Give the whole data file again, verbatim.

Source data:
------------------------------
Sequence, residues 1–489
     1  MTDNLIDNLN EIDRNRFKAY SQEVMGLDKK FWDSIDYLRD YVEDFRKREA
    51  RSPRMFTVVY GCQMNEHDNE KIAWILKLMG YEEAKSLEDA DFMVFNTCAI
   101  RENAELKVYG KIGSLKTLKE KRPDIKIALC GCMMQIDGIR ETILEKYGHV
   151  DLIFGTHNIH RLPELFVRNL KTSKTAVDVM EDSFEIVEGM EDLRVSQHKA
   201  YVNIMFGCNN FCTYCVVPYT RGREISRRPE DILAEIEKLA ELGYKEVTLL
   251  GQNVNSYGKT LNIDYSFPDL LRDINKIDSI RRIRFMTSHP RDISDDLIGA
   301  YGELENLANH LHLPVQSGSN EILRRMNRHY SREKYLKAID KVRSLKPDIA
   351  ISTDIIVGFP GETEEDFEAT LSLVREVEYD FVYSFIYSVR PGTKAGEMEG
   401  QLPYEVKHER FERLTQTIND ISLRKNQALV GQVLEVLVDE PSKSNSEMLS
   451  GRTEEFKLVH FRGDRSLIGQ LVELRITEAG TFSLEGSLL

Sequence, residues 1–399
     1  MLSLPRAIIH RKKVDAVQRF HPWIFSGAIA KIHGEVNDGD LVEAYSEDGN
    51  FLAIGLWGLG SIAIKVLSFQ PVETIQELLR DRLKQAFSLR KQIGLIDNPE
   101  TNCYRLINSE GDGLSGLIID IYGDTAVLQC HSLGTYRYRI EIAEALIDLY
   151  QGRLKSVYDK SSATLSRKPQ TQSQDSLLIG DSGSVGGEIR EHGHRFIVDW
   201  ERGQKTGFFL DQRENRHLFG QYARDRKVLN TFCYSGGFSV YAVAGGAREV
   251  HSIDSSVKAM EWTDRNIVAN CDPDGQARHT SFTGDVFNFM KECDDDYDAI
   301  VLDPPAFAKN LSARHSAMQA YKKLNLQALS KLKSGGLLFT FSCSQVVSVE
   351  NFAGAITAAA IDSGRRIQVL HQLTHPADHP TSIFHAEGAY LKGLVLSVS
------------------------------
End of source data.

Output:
Sequence, residues 1–489
     1  MTDNLIDNLN EIDRNRFKAY SQEVMGLDKK FWDSIDYLRD YVEDFRKREA
    51  RSPRMFTVVY GCQMNEHDNE KIAWILKLMG YEEAKSLEDA DFMVFNTCAI
   101  RENAELKVYG KIGSLKTLKE KRPDIKIALC GCMMQIDGIR ETILEKYGHV
   151  DLIFGTHNIH RLPELFVRNL KTSKTAVDVM EDSFEIVEGM EDLRVSQHKA
   201  YVNIMFGCNN FCTYCVVPYT RGREISRRPE DILAEIEKLA ELGYKEVTLL
   251  GQNVNSYGKT LNIDYSFPDL LRDINKIDSI RRIRFMTSHP RDISDDLIGA
   301  YGELENLANH LHLPVQSGSN EILRRMNRHY SREKYLKAID KVRSLKPDIA
   351  ISTDIIVGFP GETEEDFEAT LSLVREVEYD FVYSFIYSVR PGTKAGEMEG
   401  QLPYEVKHER FERLTQTIND ISLRKNQALV GQVLEVLVDE PSKSNSEMLS
   451  GRTEEFKLVH FRGDRSLIGQ LVELRITEAG TFSLEGSLL

Sequence, residues 1–399
     1  MLSLPRAIIH RKKVDAVQRF HPWIFSGAIA KIHGEVNDGD LVEAYSEDGN
    51  FLAIGLWGLG SIAIKVLSFQ PVETIQELLR DRLKQAFSLR KQIGLIDNPE
   101  TNCYRLINSE GDGLSGLIID IYGDTAVLQC HSLGTYRYRI EIAEALIDLY
   151  QGRLKSVYDK SSATLSRKPQ TQSQDSLLIG DSGSVGGEIR EHGHRFIVDW
   201  ERGQKTGFFL DQRENRHLFG QYARDRKVLN TFCYSGGFSV YAVAGGAREV
   251  HSIDSSVKAM EWTDRNIVAN CDPDGQARHT SFTGDVFNFM KECDDDYDAI
   301  VLDPPAFAKN LSARHSAMQA YKKLNLQALS KLKSGGLLFT FSCSQVVSVE
   351  NFAGAITAAA IDSGRRIQVL HQLTHPADHP TSIFHAEGAY LKGLVLSVS